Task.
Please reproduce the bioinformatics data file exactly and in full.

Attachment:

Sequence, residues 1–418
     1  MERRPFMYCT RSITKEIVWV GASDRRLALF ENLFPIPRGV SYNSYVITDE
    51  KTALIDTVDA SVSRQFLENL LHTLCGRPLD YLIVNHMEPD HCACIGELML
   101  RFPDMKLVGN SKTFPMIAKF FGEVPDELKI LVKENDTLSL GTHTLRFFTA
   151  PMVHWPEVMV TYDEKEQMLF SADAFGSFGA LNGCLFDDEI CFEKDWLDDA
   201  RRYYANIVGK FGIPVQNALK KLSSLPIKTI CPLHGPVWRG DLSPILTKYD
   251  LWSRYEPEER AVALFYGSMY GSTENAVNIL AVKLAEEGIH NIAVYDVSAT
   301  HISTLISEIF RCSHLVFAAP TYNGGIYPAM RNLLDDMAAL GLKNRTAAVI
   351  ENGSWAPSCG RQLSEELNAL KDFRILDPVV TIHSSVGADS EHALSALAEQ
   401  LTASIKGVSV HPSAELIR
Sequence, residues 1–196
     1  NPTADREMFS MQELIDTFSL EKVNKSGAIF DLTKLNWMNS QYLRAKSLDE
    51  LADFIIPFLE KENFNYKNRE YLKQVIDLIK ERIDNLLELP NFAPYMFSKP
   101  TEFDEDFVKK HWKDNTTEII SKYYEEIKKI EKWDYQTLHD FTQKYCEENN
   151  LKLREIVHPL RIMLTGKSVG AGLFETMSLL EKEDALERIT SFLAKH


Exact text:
Sequence, residues 1–418
     1  MERRPFMYCT RSITKEIVWV GASDRRLALF ENLFPIPRGV SYNSYVITDE
    51  KTALIDTVDA SVSRQFLENL LHTLCGRPLD YLIVNHMEPD HCACIGELML
   101  RFPDMKLVGN SKTFPMIAKF FGEVPDELKI LVKENDTLSL GTHTLRFFTA
   151  PMVHWPEVMV TYDEKEQMLF SADAFGSFGA LNGCLFDDEI CFEKDWLDDA
   201  RRYYANIVGK FGIPVQNALK KLSSLPIKTI CPLHGPVWRG DLSPILTKYD
   251  LWSRYEPEER AVALFYGSMY GSTENAVNIL AVKLAEEGIH NIAVYDVSAT
   301  HISTLISEIF RCSHLVFAAP TYNGGIYPAM RNLLDDMAAL GLKNRTAAVI
   351  ENGSWAPSCG RQLSEELNAL KDFRILDPVV TIHSSVGADS EHALSALAEQ
   401  LTASIKGVSV HPSAELIR
Sequence, residues 1–196
     1  NPTADREMFS MQELIDTFSL EKVNKSGAIF DLTKLNWMNS QYLRAKSLDE
    51  LADFIIPFLE KENFNYKNRE YLKQVIDLIK ERIDNLLELP NFAPYMFSKP
   101  TEFDEDFVKK HWKDNTTEII SKYYEEIKKI EKWDYQTLHD FTQKYCEENN
   151  LKLREIVHPL RIMLTGKSVG AGLFETMSLL EKEDALERIT SFLAKH